Padraic P. McGuinness, “More teachers won’t solve the problems in our schools,” The Weekend Australian, October 13-14, 1990, p. 2.

How can we improve our education system and our schools? Everyone seems to have their own theories as to how this can be done, but few rely on any real evidence.

Yet there is now a very great body of research in the United States and England, both of which have educational systems and problems very similar to our own, which points the way quite clearly to what will and what will not improve schools. This was brought together recently in a book published by the Brookings Institution, a US think-tank.

To sort out the various factors which produce differences in the educational attainment of pupils as between schools — and surely attainment is the thing which schools are meant to produce — is a very complicated matter. It involves very detailed and highly complicated statistical work.

However, the evidence now points clearly to the fact that simply spending more money on education does not improve educational attainment.

Pupil-teacher ratios, expenditures per pupil, the age and quality of physical facilities, the number of books in libraries — none of these has any relationship to the outcomes. That is, when teachers’ unions demand smaller classes they are demanding more money from taxpayers which, it is proven, will produce no improvement in education. Simply employing more teachers is a waste of money.

But (as is explained in a review article in the US weekly, The New Republic, October 8), two factors are clearly related to pupil achievement: the mix of gifted and not-so-gifted students within a schools and the “ethos” of the school. And “the ethos or the organisation culture associated with schools that produced better results was an atmosphere that emphasised the importance of learning, a consistent and effective pattern of discipline, the frequent use of praise, classroom sessions that were well planned in advance, and regularly assigned homework”.

So clearly, good teachers are part of the solution. But how to pick good teachers? Again, there is no way of predicting who will be a good teacher. “The number of courses taken, or degrees received was no guide; for the purpose of producing a classroom ethos that was conducive to learning, teachers with a lot of training in education were not better equipped, on the average, than teachers without these credentials.” In other words, much of the staff time and public money spent in acquiring teacher’s certificates or degrees in education is simply wasted. It is, of course, important that a teacher should know something about the subject he or she is teaching.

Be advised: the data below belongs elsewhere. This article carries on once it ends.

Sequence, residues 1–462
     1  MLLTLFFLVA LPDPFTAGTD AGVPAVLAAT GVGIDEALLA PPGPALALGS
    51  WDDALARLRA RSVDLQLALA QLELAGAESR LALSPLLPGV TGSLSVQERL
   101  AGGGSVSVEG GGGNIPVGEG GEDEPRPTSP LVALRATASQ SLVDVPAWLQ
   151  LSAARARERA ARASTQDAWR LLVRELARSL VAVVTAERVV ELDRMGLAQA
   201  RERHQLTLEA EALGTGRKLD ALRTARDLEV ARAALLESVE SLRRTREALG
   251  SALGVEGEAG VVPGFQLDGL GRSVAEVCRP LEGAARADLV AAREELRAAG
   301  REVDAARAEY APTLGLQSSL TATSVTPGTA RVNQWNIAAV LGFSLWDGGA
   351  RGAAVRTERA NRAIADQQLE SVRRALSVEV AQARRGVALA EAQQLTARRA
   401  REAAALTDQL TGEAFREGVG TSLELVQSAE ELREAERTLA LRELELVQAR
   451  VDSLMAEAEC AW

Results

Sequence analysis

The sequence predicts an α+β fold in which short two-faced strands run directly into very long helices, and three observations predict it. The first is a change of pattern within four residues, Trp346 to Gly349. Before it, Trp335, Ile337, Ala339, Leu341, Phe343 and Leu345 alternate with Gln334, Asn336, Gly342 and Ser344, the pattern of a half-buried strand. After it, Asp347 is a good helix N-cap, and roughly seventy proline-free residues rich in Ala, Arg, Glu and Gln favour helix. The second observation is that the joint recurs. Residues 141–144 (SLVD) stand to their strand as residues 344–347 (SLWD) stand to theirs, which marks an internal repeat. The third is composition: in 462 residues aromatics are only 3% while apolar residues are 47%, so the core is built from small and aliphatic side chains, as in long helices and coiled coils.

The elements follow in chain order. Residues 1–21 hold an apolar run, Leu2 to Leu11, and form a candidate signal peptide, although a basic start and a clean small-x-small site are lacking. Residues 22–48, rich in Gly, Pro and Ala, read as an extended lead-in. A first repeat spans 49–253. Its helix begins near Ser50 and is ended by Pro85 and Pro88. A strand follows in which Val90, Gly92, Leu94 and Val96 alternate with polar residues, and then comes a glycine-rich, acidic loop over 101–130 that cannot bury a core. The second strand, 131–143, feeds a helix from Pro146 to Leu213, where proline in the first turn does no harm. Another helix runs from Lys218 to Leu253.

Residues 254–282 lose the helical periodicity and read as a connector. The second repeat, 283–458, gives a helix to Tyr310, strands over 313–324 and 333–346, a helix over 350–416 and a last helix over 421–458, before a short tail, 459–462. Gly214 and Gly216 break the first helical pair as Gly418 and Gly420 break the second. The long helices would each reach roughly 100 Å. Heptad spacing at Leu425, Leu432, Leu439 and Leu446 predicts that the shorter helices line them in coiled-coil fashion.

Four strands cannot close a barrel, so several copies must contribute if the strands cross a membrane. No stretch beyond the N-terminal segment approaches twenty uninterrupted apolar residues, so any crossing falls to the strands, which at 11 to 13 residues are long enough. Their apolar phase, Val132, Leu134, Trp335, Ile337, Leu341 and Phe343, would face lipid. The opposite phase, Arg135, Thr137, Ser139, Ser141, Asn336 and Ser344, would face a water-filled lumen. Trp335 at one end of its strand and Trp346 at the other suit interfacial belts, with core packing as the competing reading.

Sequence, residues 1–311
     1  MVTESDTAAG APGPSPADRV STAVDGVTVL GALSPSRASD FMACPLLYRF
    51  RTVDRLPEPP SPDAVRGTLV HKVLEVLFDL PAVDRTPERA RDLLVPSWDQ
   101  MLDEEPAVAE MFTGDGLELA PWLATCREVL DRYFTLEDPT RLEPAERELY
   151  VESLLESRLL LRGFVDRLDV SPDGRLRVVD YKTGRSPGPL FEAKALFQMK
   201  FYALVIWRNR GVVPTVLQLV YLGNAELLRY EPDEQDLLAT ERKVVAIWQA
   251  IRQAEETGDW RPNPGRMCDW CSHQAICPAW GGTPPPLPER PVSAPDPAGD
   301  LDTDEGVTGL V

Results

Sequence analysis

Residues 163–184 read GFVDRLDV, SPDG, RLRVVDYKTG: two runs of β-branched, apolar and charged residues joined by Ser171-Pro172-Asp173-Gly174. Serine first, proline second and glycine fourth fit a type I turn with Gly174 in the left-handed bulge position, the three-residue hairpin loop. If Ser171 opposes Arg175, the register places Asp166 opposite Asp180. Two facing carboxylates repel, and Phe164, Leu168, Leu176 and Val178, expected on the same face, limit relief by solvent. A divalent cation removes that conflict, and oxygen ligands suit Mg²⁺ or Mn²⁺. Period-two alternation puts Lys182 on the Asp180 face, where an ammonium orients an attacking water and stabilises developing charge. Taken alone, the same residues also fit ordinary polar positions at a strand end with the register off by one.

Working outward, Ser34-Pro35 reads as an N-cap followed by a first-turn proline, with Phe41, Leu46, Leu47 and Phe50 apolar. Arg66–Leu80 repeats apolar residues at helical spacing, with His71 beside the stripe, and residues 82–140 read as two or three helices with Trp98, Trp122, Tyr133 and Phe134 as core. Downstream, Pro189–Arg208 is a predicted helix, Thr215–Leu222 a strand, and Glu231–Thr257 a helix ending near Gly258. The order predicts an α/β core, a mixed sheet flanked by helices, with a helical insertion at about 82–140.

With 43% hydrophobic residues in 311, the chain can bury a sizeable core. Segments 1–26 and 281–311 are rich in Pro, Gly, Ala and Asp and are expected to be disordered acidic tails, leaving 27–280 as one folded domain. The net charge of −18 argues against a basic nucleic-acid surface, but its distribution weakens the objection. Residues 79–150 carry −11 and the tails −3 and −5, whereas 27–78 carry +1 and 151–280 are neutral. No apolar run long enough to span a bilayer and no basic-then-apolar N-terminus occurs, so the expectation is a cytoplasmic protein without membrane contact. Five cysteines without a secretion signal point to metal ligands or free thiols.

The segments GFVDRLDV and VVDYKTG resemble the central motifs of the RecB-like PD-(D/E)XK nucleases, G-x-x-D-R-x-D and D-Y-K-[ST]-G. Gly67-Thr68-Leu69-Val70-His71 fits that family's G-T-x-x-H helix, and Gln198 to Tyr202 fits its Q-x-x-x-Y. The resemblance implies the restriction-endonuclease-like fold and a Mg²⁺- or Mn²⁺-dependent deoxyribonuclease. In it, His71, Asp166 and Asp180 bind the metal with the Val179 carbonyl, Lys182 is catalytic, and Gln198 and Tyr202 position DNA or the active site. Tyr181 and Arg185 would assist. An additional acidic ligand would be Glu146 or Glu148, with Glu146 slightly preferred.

The authors of the Brookings study found that the resources of schools make no difference to educational achievement. Neither, in the US, does race, as distinct from the socio-economic status of parents —  something outside the control of education policy. What does make a difference is student ability, parental status, and the status of a child’s peers. But when everything else is held constant, it is the organisation of a school which makes the bigger difference. What does this mean?

It means four things. “School standards (having high graduation requirements and a strong emphasis on academic excellence): leadership (having a principal with a strong desire for control and a strong commitment to teaching): teacher quality (having many teachers who were highly rated by their principals and who have a large amount of influence, low rates of absenteeism, and strong feelings of efficacy and harmony with others): and educational practice (having a high proportion of students in academic ‘tracks’, a lot of homework and effective classroom discipline).”

All this might seem fairly obvious, but there are many people in the education business who deny it. However, there is now overwhelming evidence that the criteria of “school ethos” as summarised here constitute the main explanation as to why some schools do well. The theories popular with teachers’ unions have been exploded.

How do we get better schools which meet these criteria? Again, the overwhelming evidence is that the “ethos” is better in schools which have a high degree of independence and are not run by a large education bureaucracy sitting on top of the schools. (This does not mean that there should not be a degree of uniformity in the syllabus and examinations.)

Schools tend to be more effective when they are not controlled by outsiders, whether governments, unions or parents. But that is true only if parents have a great degree of independent control, through the ability to choose which school they wish to send their children to. Effectively, the greater the autonomy of choice exercised by parents, and the more independent of government bureaucracy the schools are, the better the educational outcome for students.